Anirban Banerjee: The Wandering Photo-genius!
Photography is an art which helps you capture anything you feel is important to remember. One photograph is powerful enough to not only remind you of an event or detail but can bring you right back to the place where it was taken. It brings back the feelings, sounds, and even smells of the moment.
A photograph can be very strong. It may inspire some, change someone’s views, shake someone’s ideals, educate, and likewise, inspire others to act, etc. They may invoke natural species ‘ innermost emotions such as fear, anxiety, love, need, affection etc. Also, not only do photographs affect personal lives. they can affect the public as a whole- a good photo is equivalent to a thousand words and emotions!
Anirban Banerjee is one of the most premier landscape photographers in India. His love for travelling and spending time outdoors is the raison d’etre behind his work and its perfection. His brilliant picture capturing the gorgeous land of North Sikkim was published in the National Geographic Yourshot for its brilliance and beauty.
It takes a lot to start off on your path to be a photographer but it calls out to you. Anirban’s career is proof enough, “Since 2010, I’ve been the bass player of progressive/groove metal band Yonsample and that had me travelling throughout the country extensively. And I’ve always enjoyed adventure riding and hiking. Around 2012-13 when I was graduating from law school, I started getting influenced by the works of fine art landscape photographers and started experimenting with my first DSLR.”
He further adds, “At that time, there was hardly anyone in India shooting landscapes exclusively, barring maybe a couple of photographers. I kept reading about all these interesting places within the country while doing travel research, but couldn’t find proper photos shot with good cameras. Exploring and shooting fresh perspectives, in terms of landscape images of the subcontinent, was very exciting and it still is.”
Every photographer has a location that holds a special place in their hearts. Anirban believes that’s true because according to him, “My favourite place to shoot in India is Changthang plateau/Ladakh and as a whole, I’ve spent more than thrice the amount of time shooting and hiking/riding/driving the western Himalayas, vis-a-vis the east.
But he believes that this doesn’t take off the spark from the other places, “Maybe I should indeed travel the sister-states more. I made it to Arunachal only as recently as last year and yet to visit Mizoram and Tripura!”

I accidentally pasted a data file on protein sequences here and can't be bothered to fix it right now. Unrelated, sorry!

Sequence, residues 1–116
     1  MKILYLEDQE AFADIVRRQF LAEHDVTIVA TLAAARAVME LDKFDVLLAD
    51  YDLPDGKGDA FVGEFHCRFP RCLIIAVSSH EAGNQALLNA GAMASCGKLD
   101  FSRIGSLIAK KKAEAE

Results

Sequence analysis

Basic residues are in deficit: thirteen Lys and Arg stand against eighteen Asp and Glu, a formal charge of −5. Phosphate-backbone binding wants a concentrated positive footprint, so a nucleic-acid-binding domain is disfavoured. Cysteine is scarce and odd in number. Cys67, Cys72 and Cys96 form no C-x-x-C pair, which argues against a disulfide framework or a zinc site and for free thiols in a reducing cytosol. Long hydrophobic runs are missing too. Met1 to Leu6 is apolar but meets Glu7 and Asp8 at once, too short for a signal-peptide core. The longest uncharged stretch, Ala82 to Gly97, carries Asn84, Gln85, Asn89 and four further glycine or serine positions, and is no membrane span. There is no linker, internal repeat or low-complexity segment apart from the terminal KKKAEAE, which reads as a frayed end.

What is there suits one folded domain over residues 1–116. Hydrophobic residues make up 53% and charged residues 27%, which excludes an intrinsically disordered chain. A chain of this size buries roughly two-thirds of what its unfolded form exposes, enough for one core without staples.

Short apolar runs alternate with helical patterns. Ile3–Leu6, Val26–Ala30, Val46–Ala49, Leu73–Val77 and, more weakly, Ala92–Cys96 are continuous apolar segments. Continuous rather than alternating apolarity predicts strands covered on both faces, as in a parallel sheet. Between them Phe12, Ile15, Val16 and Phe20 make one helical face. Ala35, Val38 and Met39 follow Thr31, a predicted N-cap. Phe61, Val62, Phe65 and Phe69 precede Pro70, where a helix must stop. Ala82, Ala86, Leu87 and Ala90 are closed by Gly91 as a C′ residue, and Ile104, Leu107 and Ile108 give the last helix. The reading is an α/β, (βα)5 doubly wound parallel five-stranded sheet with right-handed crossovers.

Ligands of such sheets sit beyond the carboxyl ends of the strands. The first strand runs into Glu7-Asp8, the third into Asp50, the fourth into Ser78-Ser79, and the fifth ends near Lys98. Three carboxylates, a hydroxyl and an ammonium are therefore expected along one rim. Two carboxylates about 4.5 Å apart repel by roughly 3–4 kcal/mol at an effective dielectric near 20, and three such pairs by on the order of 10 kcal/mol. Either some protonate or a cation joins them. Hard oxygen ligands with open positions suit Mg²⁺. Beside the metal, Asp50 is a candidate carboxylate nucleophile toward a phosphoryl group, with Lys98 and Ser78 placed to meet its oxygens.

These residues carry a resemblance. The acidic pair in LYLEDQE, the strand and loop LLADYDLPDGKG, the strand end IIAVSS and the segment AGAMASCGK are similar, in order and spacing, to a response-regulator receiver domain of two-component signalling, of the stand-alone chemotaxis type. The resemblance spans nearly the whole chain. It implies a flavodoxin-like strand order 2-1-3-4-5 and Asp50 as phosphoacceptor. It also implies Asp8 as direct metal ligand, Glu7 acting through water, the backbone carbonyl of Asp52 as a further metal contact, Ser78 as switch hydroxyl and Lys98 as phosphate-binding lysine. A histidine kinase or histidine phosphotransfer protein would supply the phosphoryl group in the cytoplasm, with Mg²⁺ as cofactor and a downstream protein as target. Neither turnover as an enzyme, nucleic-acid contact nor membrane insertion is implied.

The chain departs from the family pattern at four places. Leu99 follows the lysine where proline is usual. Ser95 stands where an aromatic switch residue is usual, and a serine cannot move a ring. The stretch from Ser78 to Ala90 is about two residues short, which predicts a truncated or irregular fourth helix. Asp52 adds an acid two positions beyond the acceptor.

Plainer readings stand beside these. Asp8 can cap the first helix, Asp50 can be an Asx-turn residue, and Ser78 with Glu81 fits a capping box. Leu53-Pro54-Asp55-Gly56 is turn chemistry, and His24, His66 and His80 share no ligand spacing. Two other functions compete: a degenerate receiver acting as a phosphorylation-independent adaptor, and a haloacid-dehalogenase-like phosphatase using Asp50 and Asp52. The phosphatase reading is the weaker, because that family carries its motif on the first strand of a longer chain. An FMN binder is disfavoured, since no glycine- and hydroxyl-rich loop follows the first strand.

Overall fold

When it comes to picking favourites Anirban adds, “I think my favourite has got to be the image of the winter milky way rising above the Hanle observatory. It took a lot of time and efforts. While the convincing required to get permission for shooting there took effort, the most challenging part was dealing with weather conditions, as it often is in outdoor photography. At 27 degrees below zero, any exposed or inadequately covered part of skin immediately starts to have a painful burning sensation, so setting up a tripod and shooting long exposures in the dark while being mindful of the composition was difficult and I was quite happy with the results when I got back home and processed the raw files.”
Everyone has their own special style when it comes to photography and Anirban agrees, “My style is strictly no people or animals! I’m being candid but look, I think photography or any other creative pursuit is an evolving process, both at the micro and macro level. The galleries/feed that I have, a viewer may associate that with a certain style or may not, and all that is quite subjective.”
He further adds, “As such, I don’t attach much importance to stylistic choices and let it happen intuitively. I use very standard landscape shooting techniques such as using ND filters of varying strengths, shooting long exposures, making panoramas, employing wide-angle lenses and so on. In terms of editing and colour grading RAW files, 99% of it is dodging/burning and playing with white balance, local contrast etcetera.”
Anirban thinks that people who wish to be a photographer should understand certain things, “Look, everyone has their own unique path to improvement, photography or otherwise. Anyone looking to learn landscape photography. According to me, one should devote 4-7 hours of a day for it. 70% of this time can be allotted to viewing, discovering and enjoying new photos and artists.”
He further adds, never thinks that any other photographer is inadequate as compared to you, “Learn from everyone and keep your mind open, this is the sine qua non, as is developing curiosity and passion for the natural world. Rest to reading books and articles based on photography, design, aesthetics, cinematography and watching tutorials to learn new techniques. This considering one is not out shooting, if so then the golden rule of landscape photography applies i.e., try to avoid visiting or shooting places of interest mid-day if the weather is sunny and cloudless. Never give up on your dream.”
As for whether his journey feels fulfilled and he always wanted to be where he is today, he adds, “That is a tough question, I think it’s both yes and no. Let me paraphrase Schopenhauer here, “Man can do what he wills but he cannot will what he wills.”
With his passion for nature and landscapes, his talent for photography and zest to wander and explore everything, Anirban Banerjee’s work undoubtedly captures the best of what Indian landscape photography has to offer and we wish him the best of luck for everything.
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